My story - Michael Tubbs

Michael, from London, was diagnosed with cystic fibrosis as a baby. He was referred to Royal Brompton, aged four, by his GP and local children’s hospital.

Michael Tubbs

“My condition didn’t affect me as a young boy but when I was 10 I started to get chest infections about twice a year. From then onwards I went to Royal Brompton every three months for a two-week course of IVs (intravenous antibiotics) to keep me healthy. I still wasn’t affected by my cystic fibrosis much and played football with my friends.”

By the age of 17, Michael was having more frequent chest infections and needed to stay at Royal Brompton more often.

“Each time I would get a productive cough, a tight chest, difficulty breathing, fever and I had no energy. The care from all of the doctors and nurses at Royal Brompton was very good and all my tests and treatment were always done on time.”

His condition deteriorated two years ago when part of his right lung collapsed. While chest drains helped initially, his lung kept collapsing and would not heal.

“I ended up staying in hospital for nearly a year,” Michael remembers. “The doctors said my lung wasn’t healing because all my previous infections had damaged the lining of my lung, making it weak.

“It was horrible not being able to see my friends, missing family birthdays and doing the things I used to do, but I knew that, as a specialist lung hospital, Royal Brompton was the best place for me to get the care I needed.”

The cystic fibrosis team asked Michael if he wanted to join the lung transplant list and he had general health checks to see if he was suitable.

“Transplant surgeon, Mr André Simon, visited me on Foulis ward to tell me more about the operation because I was too ill to go to Harefield Hospital where the transplant team is based. He was confident about doing it and told me not to worry, which was reassuring and made me feel better.”

Two weeks later a suitable pair of donor lungs became available and Michael was transferred from Royal Brompton to Harefield by ambulance.

“I wasn’t living a good life at that stage. I was so ill that I couldn’t even get out of bed to have a shower – I would cough so much that I would end up being sick.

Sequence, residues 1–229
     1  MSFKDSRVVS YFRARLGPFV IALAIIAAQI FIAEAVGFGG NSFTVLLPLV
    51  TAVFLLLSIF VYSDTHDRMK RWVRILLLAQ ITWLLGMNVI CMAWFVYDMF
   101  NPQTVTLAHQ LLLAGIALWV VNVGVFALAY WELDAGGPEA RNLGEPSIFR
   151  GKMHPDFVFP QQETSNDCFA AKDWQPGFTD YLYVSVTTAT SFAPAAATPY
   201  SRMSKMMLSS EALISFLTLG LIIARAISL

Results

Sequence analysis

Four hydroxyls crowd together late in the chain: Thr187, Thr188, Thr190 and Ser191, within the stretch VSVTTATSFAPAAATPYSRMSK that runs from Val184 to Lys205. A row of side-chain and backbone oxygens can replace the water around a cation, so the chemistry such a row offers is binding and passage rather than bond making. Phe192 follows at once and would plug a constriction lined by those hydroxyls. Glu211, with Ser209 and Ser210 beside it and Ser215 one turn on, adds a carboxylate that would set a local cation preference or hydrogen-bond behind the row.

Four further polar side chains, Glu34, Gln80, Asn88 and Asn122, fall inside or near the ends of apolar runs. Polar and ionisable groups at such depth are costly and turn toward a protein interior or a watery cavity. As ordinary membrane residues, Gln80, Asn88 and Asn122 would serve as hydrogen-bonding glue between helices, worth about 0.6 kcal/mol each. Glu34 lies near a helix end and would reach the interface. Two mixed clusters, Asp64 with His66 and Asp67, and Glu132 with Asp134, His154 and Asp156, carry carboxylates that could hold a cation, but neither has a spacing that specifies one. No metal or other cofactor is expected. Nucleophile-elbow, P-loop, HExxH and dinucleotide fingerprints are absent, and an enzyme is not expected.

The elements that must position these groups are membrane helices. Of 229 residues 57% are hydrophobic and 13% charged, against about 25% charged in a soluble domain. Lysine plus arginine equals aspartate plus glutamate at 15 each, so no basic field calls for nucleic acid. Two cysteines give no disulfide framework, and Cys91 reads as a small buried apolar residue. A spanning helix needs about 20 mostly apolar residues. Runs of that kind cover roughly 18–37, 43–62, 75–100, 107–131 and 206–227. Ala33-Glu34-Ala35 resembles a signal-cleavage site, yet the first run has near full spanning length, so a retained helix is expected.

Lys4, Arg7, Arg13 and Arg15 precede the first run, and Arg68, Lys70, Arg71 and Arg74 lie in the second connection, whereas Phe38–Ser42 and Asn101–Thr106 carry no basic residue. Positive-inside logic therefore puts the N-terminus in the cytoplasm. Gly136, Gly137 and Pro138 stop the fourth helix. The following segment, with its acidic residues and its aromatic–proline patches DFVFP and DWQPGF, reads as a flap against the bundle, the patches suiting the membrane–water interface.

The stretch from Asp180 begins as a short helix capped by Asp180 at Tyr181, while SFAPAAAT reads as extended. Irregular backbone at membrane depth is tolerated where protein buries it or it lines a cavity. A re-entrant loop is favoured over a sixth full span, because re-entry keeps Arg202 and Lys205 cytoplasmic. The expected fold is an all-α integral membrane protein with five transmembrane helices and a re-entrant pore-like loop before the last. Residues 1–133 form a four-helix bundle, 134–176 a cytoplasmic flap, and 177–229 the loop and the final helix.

“It was a relief to know that would soon be over, but it was also scary thinking about the surgery. The staff at Harefield explained exactly what was happening to me and I was involved in every step. That was really good because it would have been more nerve-wracking not knowing what was going on.

OCS machine

“I was told that my new lungs had been put inside a machine, called the Organ Care System (OCS), which recreates the conditions in the body and makes lungs ‘breathe’ to see how well they are working. It meant the transplant team could assess whether or not the lungs were suitable for transplantation. The staff explained the machine was a piece of cutting-edge technology and that I was one of the first lung transplant patients to benefit from it at Harefield – previously it was only used for heart transplants.

“Everyone made me feel as at ease as possible in the hours before the operation and kept me updated on when I was going into theatre.

“I woke up on the intensive care unit about 36 hours later and stayed there for another three days, before being taken to the ward. I was told that everything had gone really well and I started to go on the exercise bike for short periods of time and walk around the ward.

“The nurses on the ward were friendly and helpful, the food was good and I enjoyed having my own room with a TV. The physiotherapists were also very nice – it was a really good hospital to stay in.

“I was discharged after about three weeks, which was less time than I thought I’d need to be there for.

“Now I’m doing really well and taking my dogs for walks again. The transplant has changed my life. Even though I was slightly nervous to be one of the first lung transplant patients to receive my donor lungs from the OCS, now I’m really pleased that I was able to benefit from the new technology.”